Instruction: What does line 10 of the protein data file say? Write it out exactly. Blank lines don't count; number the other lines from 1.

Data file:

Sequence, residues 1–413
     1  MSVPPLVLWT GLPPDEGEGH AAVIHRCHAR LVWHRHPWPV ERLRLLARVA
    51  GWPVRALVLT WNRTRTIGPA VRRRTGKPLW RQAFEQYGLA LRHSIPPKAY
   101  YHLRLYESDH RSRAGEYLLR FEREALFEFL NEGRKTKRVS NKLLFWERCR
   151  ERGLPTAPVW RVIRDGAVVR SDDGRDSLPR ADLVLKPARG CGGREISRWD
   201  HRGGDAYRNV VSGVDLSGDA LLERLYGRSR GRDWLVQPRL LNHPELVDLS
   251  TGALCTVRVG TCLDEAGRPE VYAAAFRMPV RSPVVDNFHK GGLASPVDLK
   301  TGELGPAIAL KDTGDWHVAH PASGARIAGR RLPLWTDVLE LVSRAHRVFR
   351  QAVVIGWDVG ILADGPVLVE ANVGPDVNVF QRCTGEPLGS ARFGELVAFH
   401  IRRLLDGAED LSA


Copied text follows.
   401  IRRLLDGAED LSA